Grue (2004) points out that throughout history, as well as today, there exists notions, often stereotypic notions, of people with disabilities. He refers to cultural expressions wherein people with disabilities are portrayed as a particular kind of people, with morals and ethics lower than that of other people. These cultural expressions contribute to maintaining certain ideas and negative notions, prejudices and stereotypes of people with disabilities. Grue also maintains that professionals – medical and others – are often prejudiced in the sense that their practices towards people with disabilities are built on a medical model of disability. In this model, disability is understood as an illness or individual injury. The medical model makes the removal of disadvantage contingent upon the removal or ‘overcoming’ of impairment – full participation in society is to be found through curing the individual. This is in contrast to the so-called social model of disability, a model that sees disability mainly as a problem of society. That is to say, the barriers that people with disabilities meet with respect to their inclusion in society is a disabling environment, not deficiencies of people with disabilities as individuals. Social change – the removal of disabling barriers – is the solution to the disadvantages people with disabilities experience.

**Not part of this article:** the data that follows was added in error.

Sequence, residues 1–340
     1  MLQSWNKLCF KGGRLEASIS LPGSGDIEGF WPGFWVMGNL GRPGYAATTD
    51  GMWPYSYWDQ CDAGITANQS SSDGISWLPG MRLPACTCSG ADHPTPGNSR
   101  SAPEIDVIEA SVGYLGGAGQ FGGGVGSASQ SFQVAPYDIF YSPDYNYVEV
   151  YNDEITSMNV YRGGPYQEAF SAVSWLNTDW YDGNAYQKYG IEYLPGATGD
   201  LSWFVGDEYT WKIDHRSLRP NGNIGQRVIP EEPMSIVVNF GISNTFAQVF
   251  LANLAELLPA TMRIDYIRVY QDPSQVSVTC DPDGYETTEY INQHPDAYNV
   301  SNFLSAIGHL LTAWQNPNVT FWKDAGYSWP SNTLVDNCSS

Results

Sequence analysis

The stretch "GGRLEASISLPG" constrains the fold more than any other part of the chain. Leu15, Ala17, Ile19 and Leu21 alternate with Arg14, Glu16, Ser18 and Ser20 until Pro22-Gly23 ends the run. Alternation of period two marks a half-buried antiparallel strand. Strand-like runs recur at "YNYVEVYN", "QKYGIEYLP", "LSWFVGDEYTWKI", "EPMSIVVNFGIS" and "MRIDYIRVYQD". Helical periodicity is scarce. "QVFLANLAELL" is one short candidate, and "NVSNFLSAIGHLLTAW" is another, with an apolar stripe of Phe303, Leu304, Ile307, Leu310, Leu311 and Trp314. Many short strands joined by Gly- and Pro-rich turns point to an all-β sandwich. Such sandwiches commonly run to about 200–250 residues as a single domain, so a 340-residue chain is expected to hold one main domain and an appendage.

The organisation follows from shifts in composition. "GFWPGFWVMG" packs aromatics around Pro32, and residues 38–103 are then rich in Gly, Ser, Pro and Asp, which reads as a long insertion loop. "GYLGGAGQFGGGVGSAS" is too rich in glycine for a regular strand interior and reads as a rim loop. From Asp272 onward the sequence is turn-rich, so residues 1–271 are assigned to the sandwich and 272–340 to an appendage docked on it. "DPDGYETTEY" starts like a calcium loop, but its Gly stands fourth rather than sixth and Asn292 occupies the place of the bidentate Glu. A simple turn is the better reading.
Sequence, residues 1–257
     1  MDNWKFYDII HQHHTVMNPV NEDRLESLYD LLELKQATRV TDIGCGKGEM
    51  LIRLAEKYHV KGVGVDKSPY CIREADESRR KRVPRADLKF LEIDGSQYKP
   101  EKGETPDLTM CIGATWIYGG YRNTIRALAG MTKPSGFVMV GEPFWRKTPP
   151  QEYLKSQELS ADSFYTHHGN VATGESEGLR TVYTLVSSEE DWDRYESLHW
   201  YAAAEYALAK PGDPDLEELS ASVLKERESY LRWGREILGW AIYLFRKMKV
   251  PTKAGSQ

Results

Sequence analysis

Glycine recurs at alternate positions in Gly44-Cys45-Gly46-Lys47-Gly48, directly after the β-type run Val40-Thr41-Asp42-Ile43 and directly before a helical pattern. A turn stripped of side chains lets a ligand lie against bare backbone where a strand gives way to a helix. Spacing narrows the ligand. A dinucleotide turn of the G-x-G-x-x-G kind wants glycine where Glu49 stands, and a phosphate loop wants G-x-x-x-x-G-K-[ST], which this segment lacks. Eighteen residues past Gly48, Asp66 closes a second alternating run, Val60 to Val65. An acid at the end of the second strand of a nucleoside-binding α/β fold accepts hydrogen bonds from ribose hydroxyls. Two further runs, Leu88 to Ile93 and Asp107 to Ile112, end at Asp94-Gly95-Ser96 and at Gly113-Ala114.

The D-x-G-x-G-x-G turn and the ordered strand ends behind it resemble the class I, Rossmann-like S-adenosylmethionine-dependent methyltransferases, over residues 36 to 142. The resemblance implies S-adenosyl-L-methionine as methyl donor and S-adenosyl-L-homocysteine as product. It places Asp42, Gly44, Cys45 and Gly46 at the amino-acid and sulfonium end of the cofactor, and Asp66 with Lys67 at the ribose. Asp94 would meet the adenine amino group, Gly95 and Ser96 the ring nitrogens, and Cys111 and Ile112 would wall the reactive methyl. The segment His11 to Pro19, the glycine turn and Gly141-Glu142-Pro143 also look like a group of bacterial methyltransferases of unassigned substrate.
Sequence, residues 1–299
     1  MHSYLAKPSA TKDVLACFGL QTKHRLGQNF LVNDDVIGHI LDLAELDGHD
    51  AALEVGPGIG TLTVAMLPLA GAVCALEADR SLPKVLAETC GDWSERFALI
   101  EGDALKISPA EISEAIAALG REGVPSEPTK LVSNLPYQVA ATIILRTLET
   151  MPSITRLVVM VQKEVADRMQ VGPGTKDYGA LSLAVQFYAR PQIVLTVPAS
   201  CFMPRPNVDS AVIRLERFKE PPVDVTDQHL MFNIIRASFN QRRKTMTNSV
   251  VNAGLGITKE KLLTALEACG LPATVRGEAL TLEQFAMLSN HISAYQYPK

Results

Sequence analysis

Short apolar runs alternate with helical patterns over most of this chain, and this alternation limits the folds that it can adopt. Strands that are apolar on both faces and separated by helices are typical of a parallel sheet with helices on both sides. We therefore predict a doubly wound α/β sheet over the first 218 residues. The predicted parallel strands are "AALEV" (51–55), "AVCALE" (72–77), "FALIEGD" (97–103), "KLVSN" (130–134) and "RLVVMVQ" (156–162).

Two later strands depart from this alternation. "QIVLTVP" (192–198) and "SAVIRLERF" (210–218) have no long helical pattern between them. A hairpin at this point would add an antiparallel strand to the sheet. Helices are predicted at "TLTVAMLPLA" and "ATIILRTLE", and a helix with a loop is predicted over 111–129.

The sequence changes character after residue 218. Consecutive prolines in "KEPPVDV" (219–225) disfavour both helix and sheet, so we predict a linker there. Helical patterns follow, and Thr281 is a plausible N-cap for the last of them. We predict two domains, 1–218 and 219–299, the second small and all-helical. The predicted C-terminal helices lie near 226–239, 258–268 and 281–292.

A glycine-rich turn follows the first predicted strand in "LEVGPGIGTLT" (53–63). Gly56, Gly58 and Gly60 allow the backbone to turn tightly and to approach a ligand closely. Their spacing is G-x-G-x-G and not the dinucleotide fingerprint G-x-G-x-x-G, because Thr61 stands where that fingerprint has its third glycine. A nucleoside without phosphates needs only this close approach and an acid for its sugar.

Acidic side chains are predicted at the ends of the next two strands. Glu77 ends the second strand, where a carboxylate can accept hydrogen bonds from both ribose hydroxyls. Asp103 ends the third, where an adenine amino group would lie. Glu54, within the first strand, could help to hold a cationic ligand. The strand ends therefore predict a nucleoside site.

In disability research, the social model has for the most part replaced the medical model of disability. The medical model is seen as discriminatory, and as a hindrance for the integration into society of people with disabilities. By studying the sentencing practices of the courts, we may gain insight into the way disability is seen and understood by the courts and whether we can trace discriminatory practices in the Norwegian judiciary. Before turning to the question of where Norwegian sentencing practices actually stand in this respect, I will give a short overview of the empirical material which this study is based on.